The advanced infrastructure, which includes agricultural terracing and elevated trade routes to prevent flooding in rainy seasons, has experts rethinking the dimensions and complexity of the Maya empire…”

 

For the rest (and lots of pictures), click here.

 

 

Share

The Fantastical Art (and History) of Early Mardi Gras

It’s Mardi Gras season!

 

Darwin as an ass costume designed by Charles Briton for the “Missing Links” theme, Mistick Krewe of Comus, 1873: Carnival Collection, Louisiana Research Collection, Tulane University — Source.

 

From The Public Domain Review,

 

Illustrating Carnival: Remembering the Overlooked Artists Behind Early Mardi Gras

For more than 150 years the city of New Orleans has been known for the theatricality and extravagance of its Mardi Gras celebrations. Allison C. Meier looks at the wonderfully ornate float and costume designs from Carnival’s “Golden Age” and the group of New Orleans artists who created them.

 

“On March 6, 1889, the New York Times breathlessly reported on the recent Carnival spectacles in New Orleans. The Krewe of Rex’s pageant, themed around “Treasures of the Earth”, included a “Crystal” float “attended by figures in gorgeous costumes and prisms by the thousand”, and a “Diamond” float featuring “a rocky diamond dell” through which flowed “limpid streams where nymphs sported and played with the gems”. The Krewe of Proteus, meanwhile, dazzled with their “Hindoo Heavens” pageant, where in one scene appeared Agni “God of Fire” riding a ram that “strides the flames, attended by the fire sprites.” This opulent, and highly exoticized, interpretation of South Asian religion concluded with a tableau where “Vishnu, under the guise of a horse with silver wings, shatters the earth with his hoof and rises to the celestial abode.”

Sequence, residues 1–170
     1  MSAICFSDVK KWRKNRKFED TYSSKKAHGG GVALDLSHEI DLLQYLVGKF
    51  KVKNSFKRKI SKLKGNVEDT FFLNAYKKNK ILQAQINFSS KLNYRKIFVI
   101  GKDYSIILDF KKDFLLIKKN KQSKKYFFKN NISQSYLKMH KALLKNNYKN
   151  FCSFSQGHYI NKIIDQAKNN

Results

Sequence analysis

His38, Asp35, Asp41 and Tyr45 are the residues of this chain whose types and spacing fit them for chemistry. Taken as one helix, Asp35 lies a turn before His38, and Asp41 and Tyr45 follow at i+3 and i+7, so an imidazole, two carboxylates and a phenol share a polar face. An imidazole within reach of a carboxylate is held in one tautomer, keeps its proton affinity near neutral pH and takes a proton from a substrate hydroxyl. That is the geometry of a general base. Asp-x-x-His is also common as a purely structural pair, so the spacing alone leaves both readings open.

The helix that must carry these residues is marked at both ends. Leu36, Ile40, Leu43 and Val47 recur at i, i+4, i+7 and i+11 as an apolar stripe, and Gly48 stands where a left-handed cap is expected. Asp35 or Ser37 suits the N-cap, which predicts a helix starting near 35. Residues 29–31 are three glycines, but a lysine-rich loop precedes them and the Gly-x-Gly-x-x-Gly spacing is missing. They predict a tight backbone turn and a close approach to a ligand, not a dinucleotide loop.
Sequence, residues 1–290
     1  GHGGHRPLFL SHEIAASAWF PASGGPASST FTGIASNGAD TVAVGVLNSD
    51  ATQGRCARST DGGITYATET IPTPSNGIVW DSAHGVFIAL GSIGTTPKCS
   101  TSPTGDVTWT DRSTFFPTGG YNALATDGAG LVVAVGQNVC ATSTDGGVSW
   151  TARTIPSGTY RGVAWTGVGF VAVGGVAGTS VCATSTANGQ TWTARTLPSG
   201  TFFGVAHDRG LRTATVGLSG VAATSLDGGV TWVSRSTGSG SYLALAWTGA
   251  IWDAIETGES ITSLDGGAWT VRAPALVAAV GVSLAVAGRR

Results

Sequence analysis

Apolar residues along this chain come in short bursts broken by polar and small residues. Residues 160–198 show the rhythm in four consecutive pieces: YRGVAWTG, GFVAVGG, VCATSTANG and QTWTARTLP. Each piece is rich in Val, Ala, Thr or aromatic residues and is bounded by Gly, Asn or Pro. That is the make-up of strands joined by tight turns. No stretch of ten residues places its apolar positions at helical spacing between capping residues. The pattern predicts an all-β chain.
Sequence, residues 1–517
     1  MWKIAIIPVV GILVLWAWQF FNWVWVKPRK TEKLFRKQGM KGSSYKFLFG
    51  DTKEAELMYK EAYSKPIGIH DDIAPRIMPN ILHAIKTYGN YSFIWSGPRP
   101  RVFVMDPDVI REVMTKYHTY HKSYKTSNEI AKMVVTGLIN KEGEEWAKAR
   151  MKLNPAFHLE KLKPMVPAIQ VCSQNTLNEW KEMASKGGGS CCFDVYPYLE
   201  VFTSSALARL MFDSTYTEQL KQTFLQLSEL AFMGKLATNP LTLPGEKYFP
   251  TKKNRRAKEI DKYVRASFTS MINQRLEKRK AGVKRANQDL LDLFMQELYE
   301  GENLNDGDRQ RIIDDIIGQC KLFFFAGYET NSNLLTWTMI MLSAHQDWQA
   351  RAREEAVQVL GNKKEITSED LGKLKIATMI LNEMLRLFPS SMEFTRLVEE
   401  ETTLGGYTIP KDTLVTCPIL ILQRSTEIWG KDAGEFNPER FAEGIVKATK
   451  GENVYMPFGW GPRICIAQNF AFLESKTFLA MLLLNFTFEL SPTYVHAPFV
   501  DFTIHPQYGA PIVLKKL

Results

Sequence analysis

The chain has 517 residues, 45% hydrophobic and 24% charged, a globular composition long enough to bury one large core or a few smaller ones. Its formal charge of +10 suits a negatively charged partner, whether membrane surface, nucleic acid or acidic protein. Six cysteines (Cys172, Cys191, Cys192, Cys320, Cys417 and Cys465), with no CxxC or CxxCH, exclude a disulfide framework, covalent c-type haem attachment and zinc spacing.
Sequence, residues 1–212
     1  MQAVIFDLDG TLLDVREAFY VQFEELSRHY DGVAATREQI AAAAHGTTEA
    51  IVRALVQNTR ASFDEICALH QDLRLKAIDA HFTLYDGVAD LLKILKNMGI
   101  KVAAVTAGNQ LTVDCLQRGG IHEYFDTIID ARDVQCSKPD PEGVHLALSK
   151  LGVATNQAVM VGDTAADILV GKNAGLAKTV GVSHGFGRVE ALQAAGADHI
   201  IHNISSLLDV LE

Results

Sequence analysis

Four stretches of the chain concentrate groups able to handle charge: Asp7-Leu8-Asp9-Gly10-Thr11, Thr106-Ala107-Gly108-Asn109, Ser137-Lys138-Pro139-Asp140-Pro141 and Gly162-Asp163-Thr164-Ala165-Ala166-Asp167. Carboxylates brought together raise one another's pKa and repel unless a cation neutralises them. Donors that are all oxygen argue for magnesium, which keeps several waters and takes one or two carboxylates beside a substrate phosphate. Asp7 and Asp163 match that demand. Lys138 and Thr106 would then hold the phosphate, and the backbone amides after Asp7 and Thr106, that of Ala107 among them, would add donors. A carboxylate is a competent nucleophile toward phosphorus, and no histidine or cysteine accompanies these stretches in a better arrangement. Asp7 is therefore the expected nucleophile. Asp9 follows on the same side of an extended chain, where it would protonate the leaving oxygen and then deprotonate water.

The modern American Mardi Gras owes much of its bombastic revelry to this late nineteenth-century “Golden Age” of Carnival design. From the invitations to the costumes to the hand fans carried by spectators, artists designed entire identities for each Krewe (a group that organizes a Carnival event). Carnival and its culminating day of festivities — Mardi Gras — was brought to the Louisiana area by the French in the late seventeenth century. Mardi Gras as it’s celebrated today is often linked to the Mistick Krewe of Comus, an Anglo-American group which in 1857 organized a debut parade themed “The Demon Actors in Milton’s Paradise Lost”. It was a departure from previous Carnivals that were more informal and tied to the Roman Catholic community. Following the Civil War, new Krewes emerged, each attempting to outdo the others with increasingly elaborate wood and papier-mâché floats pulled by teams of horses. One year it might be Medieval legends coming to life on the streets, the next flying monkeys of Chinese mythology terrorizing the crowds…”

 

For all of it (so many amazing illustrations!), click here.

 

 

Share

Next Page »